Greatwall is a protein kinase involved in the inhibition of protein phosphatase 2 (PP2A)-B55 complexes to maintain the mitotic state. Although its biochemical activity has been deeply characterized in Xenopus, its specific relevance during the progression of mitosis is not fully understood. By using a conditional knockout of the mouse ortholog, Mastl, we show here that mammalian Greatwall is essential for mouse embryonic development and cell cycle progression. Yet, Greatwall-null cells enter into mitosis with normal kinetics. However, these cells display mitotic collapse after nuclear envelope breakdown (NEB) characterized by defective chromosome condensation and prometaphase arrest. Intriguingly, Greatwall is exported from the nucleus to the cytoplasm in a CRM1-dependent manner before NEB. This export occurs after the nuclear import of cyclin B-Cdk1 complexes, requires the kinase activity of Greatwall, and is mediated by Cdk-, but not Polo-like kinase 1-dependent phosphorylation. The mitotic collapse observed in Greatwall-deficient cells is partially rescued after concomitant depletion of B55 regulatory subunits, which are mostly cytoplasmic before NEB. These data suggest that Greatwall is an essential protein in mammals required to prevent mitotic collapse after NEB.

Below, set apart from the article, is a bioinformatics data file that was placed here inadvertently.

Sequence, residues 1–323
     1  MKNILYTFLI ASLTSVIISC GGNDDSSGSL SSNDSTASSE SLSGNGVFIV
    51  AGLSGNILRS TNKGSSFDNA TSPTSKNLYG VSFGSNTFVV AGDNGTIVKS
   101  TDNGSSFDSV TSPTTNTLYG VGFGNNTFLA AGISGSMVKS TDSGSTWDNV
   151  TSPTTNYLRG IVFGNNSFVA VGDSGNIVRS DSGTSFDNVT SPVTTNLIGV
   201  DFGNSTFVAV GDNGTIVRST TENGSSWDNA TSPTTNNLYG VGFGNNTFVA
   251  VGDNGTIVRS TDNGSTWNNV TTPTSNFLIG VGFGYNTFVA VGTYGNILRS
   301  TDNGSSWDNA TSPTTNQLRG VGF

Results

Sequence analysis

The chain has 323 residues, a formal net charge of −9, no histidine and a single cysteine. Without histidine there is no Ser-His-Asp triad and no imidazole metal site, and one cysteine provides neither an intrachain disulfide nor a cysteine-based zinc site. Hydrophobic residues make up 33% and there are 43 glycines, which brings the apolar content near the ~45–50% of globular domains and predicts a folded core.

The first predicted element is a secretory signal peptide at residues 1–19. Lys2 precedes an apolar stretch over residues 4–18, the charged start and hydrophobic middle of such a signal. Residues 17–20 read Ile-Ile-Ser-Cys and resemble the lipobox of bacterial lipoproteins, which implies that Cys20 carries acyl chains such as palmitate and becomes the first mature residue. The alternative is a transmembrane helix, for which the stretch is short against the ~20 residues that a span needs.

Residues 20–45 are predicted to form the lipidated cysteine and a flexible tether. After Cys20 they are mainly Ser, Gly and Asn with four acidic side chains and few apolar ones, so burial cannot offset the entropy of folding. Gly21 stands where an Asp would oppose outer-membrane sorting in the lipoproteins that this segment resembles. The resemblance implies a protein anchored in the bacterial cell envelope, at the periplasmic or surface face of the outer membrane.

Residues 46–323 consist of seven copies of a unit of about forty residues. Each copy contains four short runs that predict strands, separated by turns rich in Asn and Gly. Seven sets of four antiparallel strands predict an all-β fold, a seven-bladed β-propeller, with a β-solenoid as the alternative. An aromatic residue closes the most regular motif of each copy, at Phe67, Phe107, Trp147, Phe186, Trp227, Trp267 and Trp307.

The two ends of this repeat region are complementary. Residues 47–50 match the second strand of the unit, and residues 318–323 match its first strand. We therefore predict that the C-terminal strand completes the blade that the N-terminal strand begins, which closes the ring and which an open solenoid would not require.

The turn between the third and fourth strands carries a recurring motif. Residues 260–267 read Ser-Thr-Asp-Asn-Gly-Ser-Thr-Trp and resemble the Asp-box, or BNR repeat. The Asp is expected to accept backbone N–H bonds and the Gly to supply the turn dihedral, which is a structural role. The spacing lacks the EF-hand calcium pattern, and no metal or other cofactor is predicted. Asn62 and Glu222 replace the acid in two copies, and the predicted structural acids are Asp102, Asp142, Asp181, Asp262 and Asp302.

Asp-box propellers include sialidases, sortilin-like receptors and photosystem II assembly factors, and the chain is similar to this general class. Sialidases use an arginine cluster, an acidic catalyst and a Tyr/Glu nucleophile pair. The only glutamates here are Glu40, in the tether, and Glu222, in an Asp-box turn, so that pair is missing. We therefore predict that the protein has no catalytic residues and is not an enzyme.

Keywords: cell cycle regulation; cell division; mitotic kinases; mitotic phosphatases; nuclear export.